Highway Driving Safety: Important Driving Practices for High SpeedUpdated Dec. 11, 2020
This section summarizes those must-know highway driving techniques and safety practices. Organized into an easy-to-follow checklist, this information can be printed off and revisited as often as needed; you may wish to read through it again before taking your car onto a freeway. Highway hypnosis, velocitation and other prominent highway-driving threats are discussed here. We also cover defensive driving – the “prevention over cure” driving method that will help you avoid potentially dangerous situations before they occur.
These essential highway driving practices will help you to stay safe when using our country’s high-speed roads:
Stay alert and focused on the task at hand.
Keep scanning the roadway for hazards, checking multiple visual ranges and planes. Check on traffic behind you, using rear-view and side-view mirrors.
Do not drive when tired.
If you feel yourself becoming sleepy behind the wheel, exit the highway at the next opportunity and find a place to rest.
Never drive in another motorist’s blind spot.
They will not be able to see you in their mirrors and may attempt to change lanes, without realizing the danger.
Always allow more space than you think you need when passing.
Flash your brake lights whenever traffic ahead of you is visibly slowing.
Abide by all signs, signals and road markings.
You may need to adjust your speed in line with changes to the limit or change your position if two traffic lanes are about to merge.
Maintain a safe space around your vehicle.
Highway drivers should aim for a five-second gap between themselves and the vehicle in front. If possible, change lanes into a slower lane when being tailgated. Do not speed up to maintain space behind your vehicle.
Do not drive too slowly.
This would create danger by forcing other drivers to brake or change lanes to avoid you.
Reduce your speed to account for poor weather or roadway conditions.
Posted speed limits are based on “ideal” conditions.
You must aim to identify and avoid dangerous situations before they occur. Do not rely on other drivers doing the right thing.
Highway hypnosis and velocitation
Highway hypnosis and velocitation are two incredibly dangerous altered mental states which can occur in monotonous driving environments. Highway hypnosis happens when a driver is lulled into a less-engaged state of mind by an uneventful and repetitive view (for instance, a long, straight stretch of highway) and “hypnotic” sounds (such as the low hum of an engine, wind rushing past the vehicle or tires on tarmac). When highway hypnosis sets in, a driver will operate their vehicle as if on “auto-pilot” and may not be alert enough to spot hazards or drive defensively. You can avoid highway hypnosis by:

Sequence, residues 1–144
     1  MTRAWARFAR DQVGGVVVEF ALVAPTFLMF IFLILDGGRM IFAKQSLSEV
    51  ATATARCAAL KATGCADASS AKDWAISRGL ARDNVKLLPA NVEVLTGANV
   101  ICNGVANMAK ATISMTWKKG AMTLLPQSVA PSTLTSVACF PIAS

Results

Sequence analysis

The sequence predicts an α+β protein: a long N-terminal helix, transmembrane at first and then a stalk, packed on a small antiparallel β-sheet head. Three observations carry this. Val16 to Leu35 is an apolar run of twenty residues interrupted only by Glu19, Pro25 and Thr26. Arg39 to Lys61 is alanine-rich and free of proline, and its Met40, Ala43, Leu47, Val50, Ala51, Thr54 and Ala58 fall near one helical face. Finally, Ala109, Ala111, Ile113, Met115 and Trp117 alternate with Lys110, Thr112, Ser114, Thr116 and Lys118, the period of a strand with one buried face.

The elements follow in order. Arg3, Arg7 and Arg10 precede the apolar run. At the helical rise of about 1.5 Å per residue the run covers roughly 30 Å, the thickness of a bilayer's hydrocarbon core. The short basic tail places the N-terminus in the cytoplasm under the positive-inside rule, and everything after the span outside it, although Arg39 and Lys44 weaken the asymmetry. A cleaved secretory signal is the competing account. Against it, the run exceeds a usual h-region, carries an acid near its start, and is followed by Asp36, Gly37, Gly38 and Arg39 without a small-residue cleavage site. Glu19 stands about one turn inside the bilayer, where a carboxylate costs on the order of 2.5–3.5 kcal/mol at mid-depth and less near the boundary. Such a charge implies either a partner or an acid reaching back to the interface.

- Not driving when tired.
- Taking regular breaks.
- Keeping your eyes moving rather than staring at a fixed point on the road ahead.
- Reading highway signs to stay focused.
Velocitation describes a phenomenon that occurs on open, high-speed roads, where drivers lose the ability to accurately gauge how fast they are traveling. If you have been traveling at the same speed on a highway for a significant time, velocitation could lead you to exceed a safe speed without realizing it. Checking your speedometer regularly is the best way to guard against velocitation.
Defensive driving is the practice of thinking ahead and acting to avoid problems BEFORE they occur. Here are some potentially problematic situations you will need to watch out for when driving on a limited-access highway:
Disabled vehicles on the road or shoulder.
You should reduce your speed and merge into a different lane to allow the disabled vehicle more room, if possible.
Traffic breaks, toll booths and immigration checkpoints. You may need to merge into a new lane and will certainly need to slow down and stop. Other drivers may fail to do these things and create a dangerous situation.
Congestion on the road ahead.
Flash your brake lights and reduce your speed as you approach slow-moving traffic.
You may need to pull over to let them pass.
Highway work zones.
Reduce your speed, merge into an appropriate lane if a detour or lane-closure is in place.
Keep in mind that defensive driving is a skill you should aim to develop every time you get behind the wheel – it is not exclusive to highways and other high-speed roads.
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